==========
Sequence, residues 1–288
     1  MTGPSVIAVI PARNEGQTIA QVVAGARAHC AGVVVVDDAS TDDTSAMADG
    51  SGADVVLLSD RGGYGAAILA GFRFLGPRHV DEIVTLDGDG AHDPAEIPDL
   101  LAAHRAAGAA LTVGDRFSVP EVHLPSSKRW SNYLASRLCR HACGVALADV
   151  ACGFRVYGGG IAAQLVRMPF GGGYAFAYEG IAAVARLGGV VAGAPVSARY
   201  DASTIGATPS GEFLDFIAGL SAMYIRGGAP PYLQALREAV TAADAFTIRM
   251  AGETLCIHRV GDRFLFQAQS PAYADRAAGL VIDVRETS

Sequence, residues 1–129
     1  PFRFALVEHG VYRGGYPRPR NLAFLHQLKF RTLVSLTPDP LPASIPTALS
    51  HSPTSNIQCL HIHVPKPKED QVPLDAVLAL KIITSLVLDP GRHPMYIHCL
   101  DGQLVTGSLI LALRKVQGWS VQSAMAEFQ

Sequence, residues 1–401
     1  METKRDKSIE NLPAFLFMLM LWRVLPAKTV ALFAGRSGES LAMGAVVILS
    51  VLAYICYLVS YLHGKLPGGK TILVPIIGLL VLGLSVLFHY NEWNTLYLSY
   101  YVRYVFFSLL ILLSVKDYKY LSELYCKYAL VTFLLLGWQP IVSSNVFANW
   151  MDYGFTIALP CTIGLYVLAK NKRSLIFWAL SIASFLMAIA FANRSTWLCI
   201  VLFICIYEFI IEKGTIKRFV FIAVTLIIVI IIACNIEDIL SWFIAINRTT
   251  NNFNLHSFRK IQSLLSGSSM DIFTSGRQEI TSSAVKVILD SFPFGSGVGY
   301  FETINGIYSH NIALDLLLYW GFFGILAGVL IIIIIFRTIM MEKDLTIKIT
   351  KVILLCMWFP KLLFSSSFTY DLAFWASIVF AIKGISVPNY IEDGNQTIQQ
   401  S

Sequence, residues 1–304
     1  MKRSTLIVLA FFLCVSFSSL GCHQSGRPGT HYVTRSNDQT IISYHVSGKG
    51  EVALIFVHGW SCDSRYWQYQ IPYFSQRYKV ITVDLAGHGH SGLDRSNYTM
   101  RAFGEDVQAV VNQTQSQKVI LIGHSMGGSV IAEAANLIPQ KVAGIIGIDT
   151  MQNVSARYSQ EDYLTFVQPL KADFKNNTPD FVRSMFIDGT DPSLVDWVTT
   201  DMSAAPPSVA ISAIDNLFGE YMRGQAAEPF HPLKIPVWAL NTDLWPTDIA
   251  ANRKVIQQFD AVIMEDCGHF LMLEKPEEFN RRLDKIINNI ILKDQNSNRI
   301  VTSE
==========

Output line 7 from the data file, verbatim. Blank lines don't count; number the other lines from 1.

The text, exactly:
   251  AGETLCIHRV GDRFLFQAQS PAYADRAAGL VIDVRETS